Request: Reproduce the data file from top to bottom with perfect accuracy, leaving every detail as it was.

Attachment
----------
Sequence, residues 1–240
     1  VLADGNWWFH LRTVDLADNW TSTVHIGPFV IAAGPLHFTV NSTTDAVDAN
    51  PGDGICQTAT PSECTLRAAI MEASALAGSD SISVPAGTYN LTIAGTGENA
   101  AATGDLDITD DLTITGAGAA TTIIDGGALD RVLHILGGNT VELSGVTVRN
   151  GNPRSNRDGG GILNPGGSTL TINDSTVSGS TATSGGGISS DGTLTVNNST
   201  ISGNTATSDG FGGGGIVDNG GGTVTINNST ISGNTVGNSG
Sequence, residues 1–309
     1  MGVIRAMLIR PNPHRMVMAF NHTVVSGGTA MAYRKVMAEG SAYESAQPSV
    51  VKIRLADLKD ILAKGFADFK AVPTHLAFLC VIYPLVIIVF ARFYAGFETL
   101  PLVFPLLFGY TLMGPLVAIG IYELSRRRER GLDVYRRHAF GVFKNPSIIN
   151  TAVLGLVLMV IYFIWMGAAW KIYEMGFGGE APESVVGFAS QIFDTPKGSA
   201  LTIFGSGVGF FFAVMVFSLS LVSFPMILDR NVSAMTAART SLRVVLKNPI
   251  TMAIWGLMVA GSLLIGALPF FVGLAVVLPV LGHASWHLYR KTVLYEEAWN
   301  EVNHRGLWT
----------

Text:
Sequence, residues 1–240
     1  VLADGNWWFH LRTVDLADNW TSTVHIGPFV IAAGPLHFTV NSTTDAVDAN
    51  PGDGICQTAT PSECTLRAAI MEASALAGSD SISVPAGTYN LTIAGTGENA
   101  AATGDLDITD DLTITGAGAA TTIIDGGALD RVLHILGGNT VELSGVTVRN
   151  GNPRSNRDGG GILNPGGSTL TINDSTVSGS TATSGGGISS DGTLTVNNST
   201  ISGNTATSDG FGGGGIVDNG GGTVTINNST ISGNTVGNSG
Sequence, residues 1–309
     1  MGVIRAMLIR PNPHRMVMAF NHTVVSGGTA MAYRKVMAEG SAYESAQPSV
    51  VKIRLADLKD ILAKGFADFK AVPTHLAFLC VIYPLVIIVF ARFYAGFETL
   101  PLVFPLLFGY TLMGPLVAIG IYELSRRRER GLDVYRRHAF GVFKNPSIIN
   151  TAVLGLVLMV IYFIWMGAAW KIYEMGFGGE APESVVGFAS QIFDTPKGSA
   201  LTIFGSGVGF FFAVMVFSLS LVSFPMILDR NVSAMTAART SLRVVLKNPI
   251  TMAIWGLMVA GSLLIGALPF FVGLAVVLPV LGHASWHLYR KTVLYEEAWN
   301  EVNHRGLWT